The rain stopped just in time to prevent the Little Tallahatchie River at Etta from overflowing. At 9 p.m. Wednesday, the river crested at 25.3 feet. Flood level is 25 feet. (March 10, 2011, Page 8)
The Lafayette County Board of Supervisors discussed several topics at their regular meeting on Monday at the Lafayette County Chancery Building that included getting help for Interfaith Compassion Ministry through legislation; receiving a bus stretcher conversion kits to help transport several people at one time during a catastrophic event, and an update on the Winchester Centerfire plant. (March 8, 2011, Page 5)
Gov. Haley Barbour has declared this week as Severe Weather Awareness Week. The National Weather Service will issue a statewide tornado test warning on National Oceanic and Atmospheric Administration weather radios at 9 a.m. Wednesday morning. Schools, government agencies and businesses are encouraged to participate in the drill. (February 22, 2011, Page 1)
Officials from MEMA, the Federal Emergency Management Agency, local emergency managers from surrounding counties, the U.S. Department of Homeland Security and other emergency response agencies have been attending the Earthquake Mid-Term Planning Conference this week in Oxford to discuss the state’s preparedness for earthquakes and the threats posed to north Mississippi as part of Earthquake Awareness Week. (January 21, 2011, Page 1A, 5A)
With Sunday’s snow fall being the most this area has seen at one time in more than 20 years, city and county officials have reviewed how they responded and decided their crews did a fine job overall. (January 12, 2011, Page 1A, 10A)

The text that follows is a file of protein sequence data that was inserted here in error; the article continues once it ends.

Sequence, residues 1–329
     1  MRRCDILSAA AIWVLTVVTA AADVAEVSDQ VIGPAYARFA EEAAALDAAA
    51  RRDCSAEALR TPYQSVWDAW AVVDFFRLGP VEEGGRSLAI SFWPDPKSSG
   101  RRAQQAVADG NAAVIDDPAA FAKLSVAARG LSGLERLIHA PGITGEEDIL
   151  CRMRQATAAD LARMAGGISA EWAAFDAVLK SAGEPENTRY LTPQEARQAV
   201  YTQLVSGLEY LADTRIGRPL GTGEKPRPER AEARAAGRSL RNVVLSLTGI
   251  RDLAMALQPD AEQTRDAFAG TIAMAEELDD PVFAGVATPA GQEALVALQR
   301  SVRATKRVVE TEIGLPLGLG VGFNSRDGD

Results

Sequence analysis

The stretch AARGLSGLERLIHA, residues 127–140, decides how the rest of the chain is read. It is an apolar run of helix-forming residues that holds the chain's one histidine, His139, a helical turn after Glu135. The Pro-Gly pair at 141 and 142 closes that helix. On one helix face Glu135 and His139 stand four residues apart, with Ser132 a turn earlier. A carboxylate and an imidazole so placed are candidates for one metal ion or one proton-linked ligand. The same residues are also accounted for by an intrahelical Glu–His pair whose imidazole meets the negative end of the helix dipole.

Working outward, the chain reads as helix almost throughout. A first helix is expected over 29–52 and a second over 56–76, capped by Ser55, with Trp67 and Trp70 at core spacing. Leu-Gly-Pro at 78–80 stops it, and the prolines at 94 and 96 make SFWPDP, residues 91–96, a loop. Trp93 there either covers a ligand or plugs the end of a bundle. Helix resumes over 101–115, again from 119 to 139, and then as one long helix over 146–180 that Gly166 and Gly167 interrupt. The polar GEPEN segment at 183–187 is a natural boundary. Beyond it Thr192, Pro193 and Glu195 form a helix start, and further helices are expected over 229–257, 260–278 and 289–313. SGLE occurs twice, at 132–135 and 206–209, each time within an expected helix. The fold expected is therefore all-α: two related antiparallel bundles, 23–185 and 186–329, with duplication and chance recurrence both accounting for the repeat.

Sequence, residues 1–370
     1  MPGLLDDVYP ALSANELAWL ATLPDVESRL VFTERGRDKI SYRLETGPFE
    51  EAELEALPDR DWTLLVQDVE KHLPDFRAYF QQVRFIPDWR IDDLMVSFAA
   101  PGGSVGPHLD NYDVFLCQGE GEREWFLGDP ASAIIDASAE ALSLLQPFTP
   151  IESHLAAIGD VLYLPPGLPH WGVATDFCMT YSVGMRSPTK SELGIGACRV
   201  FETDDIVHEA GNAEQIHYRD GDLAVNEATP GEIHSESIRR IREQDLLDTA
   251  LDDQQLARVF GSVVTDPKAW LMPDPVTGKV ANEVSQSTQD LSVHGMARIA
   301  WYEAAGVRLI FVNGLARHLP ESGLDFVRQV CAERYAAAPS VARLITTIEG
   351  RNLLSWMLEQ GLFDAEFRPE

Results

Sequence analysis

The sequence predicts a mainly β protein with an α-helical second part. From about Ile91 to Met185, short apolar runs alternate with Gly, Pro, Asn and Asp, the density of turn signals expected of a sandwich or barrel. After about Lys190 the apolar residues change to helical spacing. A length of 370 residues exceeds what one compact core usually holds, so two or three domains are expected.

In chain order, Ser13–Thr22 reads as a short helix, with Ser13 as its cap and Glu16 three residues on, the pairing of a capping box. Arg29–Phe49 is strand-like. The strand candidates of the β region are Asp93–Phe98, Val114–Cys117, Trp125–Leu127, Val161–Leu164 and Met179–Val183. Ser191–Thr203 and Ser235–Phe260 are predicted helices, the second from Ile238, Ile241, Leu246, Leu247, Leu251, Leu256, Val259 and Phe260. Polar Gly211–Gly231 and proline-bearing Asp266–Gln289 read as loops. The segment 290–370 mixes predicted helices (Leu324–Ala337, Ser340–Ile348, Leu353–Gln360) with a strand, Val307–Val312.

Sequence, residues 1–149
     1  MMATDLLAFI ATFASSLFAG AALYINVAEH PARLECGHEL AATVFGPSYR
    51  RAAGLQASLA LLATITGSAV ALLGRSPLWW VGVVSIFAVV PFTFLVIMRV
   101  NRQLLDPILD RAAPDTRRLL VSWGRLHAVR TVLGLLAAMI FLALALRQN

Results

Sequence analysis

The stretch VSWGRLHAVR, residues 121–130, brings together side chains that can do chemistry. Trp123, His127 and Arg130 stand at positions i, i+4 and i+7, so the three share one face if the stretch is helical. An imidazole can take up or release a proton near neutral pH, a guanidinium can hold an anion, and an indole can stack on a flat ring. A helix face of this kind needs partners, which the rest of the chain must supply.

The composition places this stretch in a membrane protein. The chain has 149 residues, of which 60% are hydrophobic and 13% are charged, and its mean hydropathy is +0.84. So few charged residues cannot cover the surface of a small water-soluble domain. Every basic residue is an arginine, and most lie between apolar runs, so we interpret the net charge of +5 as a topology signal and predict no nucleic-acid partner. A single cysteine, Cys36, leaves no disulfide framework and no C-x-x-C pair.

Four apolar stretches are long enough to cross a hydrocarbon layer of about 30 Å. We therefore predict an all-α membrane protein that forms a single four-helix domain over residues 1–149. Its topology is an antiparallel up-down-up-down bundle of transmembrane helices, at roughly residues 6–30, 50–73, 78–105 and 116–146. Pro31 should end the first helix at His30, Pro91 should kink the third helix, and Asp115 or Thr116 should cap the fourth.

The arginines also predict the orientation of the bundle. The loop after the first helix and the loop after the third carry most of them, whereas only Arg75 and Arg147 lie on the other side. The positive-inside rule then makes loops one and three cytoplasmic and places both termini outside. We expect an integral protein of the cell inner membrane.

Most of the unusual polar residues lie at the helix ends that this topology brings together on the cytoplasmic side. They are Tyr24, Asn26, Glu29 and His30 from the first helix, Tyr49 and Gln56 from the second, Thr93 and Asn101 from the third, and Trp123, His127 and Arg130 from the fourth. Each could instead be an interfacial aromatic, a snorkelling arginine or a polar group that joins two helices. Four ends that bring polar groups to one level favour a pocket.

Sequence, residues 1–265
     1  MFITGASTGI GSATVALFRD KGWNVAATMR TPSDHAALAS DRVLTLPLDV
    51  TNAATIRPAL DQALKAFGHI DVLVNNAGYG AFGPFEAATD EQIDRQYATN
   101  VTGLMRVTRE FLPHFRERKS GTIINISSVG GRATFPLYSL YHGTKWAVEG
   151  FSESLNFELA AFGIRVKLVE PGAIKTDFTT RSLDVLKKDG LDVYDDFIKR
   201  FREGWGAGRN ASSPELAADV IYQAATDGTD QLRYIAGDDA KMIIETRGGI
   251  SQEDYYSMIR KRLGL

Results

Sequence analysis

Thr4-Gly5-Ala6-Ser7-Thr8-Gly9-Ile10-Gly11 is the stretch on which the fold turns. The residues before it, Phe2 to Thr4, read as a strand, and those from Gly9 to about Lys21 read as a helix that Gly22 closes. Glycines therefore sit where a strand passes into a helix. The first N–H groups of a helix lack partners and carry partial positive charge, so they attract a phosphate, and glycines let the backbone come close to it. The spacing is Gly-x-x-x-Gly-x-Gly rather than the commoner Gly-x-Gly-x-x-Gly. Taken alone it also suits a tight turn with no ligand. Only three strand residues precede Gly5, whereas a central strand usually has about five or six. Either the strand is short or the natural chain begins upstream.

City and county crews are gearing up to prepare for what could be the worst snow storm since 1988, according to the National Weather Service..
Snow is expected to move into the area around Sunday afternoon, with it getting increasingly heavy after 6 p.m., said meteorologist Ryan Husted with the National Weather Service. About 3 to 5 inches of snow are expected, however, Husted said if snow bands settle on top of Oxford, more than 6 inches could fall in the LOU area. (January 7, 2011, Page 1A)
A strong storm cell that wreaked havoc in some parts of Mississippi took it easier on Lafayette County, according to emergency management officials.
No local reports have been made of damage due to the high winds associated with Monday night’s storm, said Oxford Emergency Coordinator Jimmy Allgood.
In Lafayette County, Emergency Coordinator David Shaw said his office received a few reports of some trees being blown down. (November 30, 2010, Page 1)
Most people think of tornados wreaking havoc in the spring as warm air coming up from the gulf tangles with the cold air left over from the winter.
However, November is another peak time for tornados to strike north Mississippi as the incoming cold fronts from the north greet the warmer air left over from the summer months.
To keep Mississippians on their toes and avoid injury during possible fall tornados, the Mississippi Emergency Management Agency will conduct a statewide tornado drill Wednesday to make sure all residents are prepared.
The National Weather Service offices will conduct the tornado drill using the National Oceanic and Atmospheric Administration weather radio routine weekly test at 9:15 a.m. Wednesday. (October 19, 2010, Page 1)
Mother Nature opened the door Tuesday, welcoming Mr. Fall into Oxford, hopefully ending an usually warm autumn.
Fall announced his arrival in a big way, too, causing thunderstorms and reports of pea-sized hail in the College Hill area.
The storms blew down several trees and knocked down some power lines around Oxford and Lafayette County, causing sporadic power outages around the area. However the rain did little to alleviate dry conditions around the county. (October 13, 2010, Page 3)